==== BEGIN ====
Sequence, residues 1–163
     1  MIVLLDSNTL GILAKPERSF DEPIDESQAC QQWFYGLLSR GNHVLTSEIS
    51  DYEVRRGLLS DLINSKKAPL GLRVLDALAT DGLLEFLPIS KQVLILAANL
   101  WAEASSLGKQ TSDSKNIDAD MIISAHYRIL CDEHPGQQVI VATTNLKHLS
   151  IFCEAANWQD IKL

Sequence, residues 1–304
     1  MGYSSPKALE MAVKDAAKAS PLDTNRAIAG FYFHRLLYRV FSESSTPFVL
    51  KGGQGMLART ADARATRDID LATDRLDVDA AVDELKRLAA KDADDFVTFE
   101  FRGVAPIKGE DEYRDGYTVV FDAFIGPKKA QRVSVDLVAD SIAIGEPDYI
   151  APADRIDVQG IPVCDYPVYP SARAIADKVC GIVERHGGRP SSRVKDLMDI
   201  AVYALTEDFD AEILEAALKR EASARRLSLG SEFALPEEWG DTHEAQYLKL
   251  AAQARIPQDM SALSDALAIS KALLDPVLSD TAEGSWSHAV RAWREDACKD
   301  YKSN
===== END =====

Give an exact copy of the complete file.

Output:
Sequence, residues 1–163
     1  MIVLLDSNTL GILAKPERSF DEPIDESQAC QQWFYGLLSR GNHVLTSEIS
    51  DYEVRRGLLS DLINSKKAPL GLRVLDALAT DGLLEFLPIS KQVLILAANL
   101  WAEASSLGKQ TSDSKNIDAD MIISAHYRIL CDEHPGQQVI VATTNLKHLS
   151  IFCEAANWQD IKL

Sequence, residues 1–304
     1  MGYSSPKALE MAVKDAAKAS PLDTNRAIAG FYFHRLLYRV FSESSTPFVL
    51  KGGQGMLART ADARATRDID LATDRLDVDA AVDELKRLAA KDADDFVTFE
   101  FRGVAPIKGE DEYRDGYTVV FDAFIGPKKA QRVSVDLVAD SIAIGEPDYI
   151  APADRIDVQG IPVCDYPVYP SARAIADKVC GIVERHGGRP SSRVKDLMDI
   201  AVYALTEDFD AEILEAALKR EASARRLSLG SEFALPEEWG DTHEAQYLKL
   251  AAQARIPQDM SALSDALAIS KALLDPVLSD TAEGSWSHAV RAWREDACKD
   301  YKSN